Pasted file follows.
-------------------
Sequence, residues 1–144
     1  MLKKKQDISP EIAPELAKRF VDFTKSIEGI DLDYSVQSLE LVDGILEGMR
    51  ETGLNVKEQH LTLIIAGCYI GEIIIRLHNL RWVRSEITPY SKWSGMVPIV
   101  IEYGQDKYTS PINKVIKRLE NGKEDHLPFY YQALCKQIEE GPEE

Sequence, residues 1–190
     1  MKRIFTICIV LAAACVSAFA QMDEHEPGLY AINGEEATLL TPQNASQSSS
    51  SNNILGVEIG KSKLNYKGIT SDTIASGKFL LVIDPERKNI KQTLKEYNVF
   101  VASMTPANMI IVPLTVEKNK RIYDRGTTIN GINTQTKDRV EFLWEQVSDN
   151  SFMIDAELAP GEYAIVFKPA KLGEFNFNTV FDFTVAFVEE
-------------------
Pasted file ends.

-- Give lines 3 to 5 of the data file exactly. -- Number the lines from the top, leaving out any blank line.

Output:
    51  ETGLNVKEQH LTLIIAGCYI GEIIIRLHNL RWVRSEITPY SKWSGMVPIV
   101  IEYGQDKYTS PINKVIKRLE NGKEDHLPFY YQALCKQIEE GPEE

Sequence, residues 1–190